It is possible, using Figure 1, to compute two education premiums. Let us call the first one the "high school premium" and define it as the ratio between the lifetime income of a high school-educated worker and that of a worker not having completed high school. For the 1940 cohort of white men, this ratio is 719.0/562.3–1=0.28. Therefore, the high school premium is 28 percent, meaning, on average, that high school-educated white men of the 1940 cohort received 28 percent more lifetime earnings than did those without a high school education. The second premium is the college premium. Here, it is 986.3/719.0–1=0.37: College-educated white men of the 1940 cohort earned 37 percent more than high school-educated white men over the course of their work lives. Repeating the same observation for each cohort yields the results in Figure 2.
The overall pattern in Figure 2 is that of increasing premiums to education in the sense that the most recent cohorts are those for which obtaining an education pays the most. This is true for both the college and the high school premiums. This pattern explains, in part, the secular increase in educational attainment in the United States.
The rise of the high school and the college premiums displayed in Figure 2 is also interesting because it has implication for inequality. In fact, each premium is a measure of inequality on its own: the inequality of lifetime earnings between workers with different levels of educational attainment.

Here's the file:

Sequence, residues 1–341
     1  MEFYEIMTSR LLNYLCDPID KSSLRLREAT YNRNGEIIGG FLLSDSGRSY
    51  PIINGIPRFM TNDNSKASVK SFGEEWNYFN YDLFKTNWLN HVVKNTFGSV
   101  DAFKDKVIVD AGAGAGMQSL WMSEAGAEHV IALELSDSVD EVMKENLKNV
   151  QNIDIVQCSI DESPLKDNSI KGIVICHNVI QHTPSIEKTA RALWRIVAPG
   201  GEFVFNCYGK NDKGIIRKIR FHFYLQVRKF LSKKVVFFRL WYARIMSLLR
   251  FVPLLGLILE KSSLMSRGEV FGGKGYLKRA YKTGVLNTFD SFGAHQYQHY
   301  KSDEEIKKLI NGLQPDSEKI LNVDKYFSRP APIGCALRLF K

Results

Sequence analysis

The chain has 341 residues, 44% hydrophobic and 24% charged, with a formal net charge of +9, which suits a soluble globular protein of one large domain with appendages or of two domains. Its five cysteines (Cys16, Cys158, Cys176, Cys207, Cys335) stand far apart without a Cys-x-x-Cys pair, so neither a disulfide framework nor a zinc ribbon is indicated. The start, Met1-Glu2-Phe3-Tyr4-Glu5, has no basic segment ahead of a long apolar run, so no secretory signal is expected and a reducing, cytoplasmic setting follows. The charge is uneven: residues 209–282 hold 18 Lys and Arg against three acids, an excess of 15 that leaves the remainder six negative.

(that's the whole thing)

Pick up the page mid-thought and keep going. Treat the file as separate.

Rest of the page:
Understanding education choices is important since education determines, to a large extent, a worker's earnings. But measuring the benefits of an education is not that easy. I presented a simple measure of the benefits of purchasing an education for a sequence of cohorts and showed that these benefits have been on the rise for the last cohort. In fact, the lifetime financial benefits of an education have never been so high.
Goldin, Claudia; and Katz, Lawrence. The Race between Education and Technology. Cambridge, Mass.: The Belknap Press of Harvard University Press, 2008.
Guvenen, Fatih; and Kuruscu, Burhanettin. "A Quantitative Analysis of the Evolution of the U.S. Wage Distribution: 1970-2000," in Daron Acemoglu, Kenneth Rogoff and Michael Woodford, eds., NBER Macroeconomics Annual. Chicago: The University of Chicago Press, 2009, pp. 227-76.
Heckman, James J.; Lochner, Lance; and Taber, Christopher. "Explaining Rising Wage Inequality: Explorations with a Dynamic General Equilibrium Model of Labor Earnings with Heterogeneous Agents." Review of Economic Dynamics, 1998, Vol. 1, No. 1, pp. 1-58.
Restuccia, Diego; and Vandenbroucke, Guillaume. "The Evolution of Education: A Macroeconomic Analysis." International Economic Review, 2013, Vol. 54, No. 3, pp. 915-36.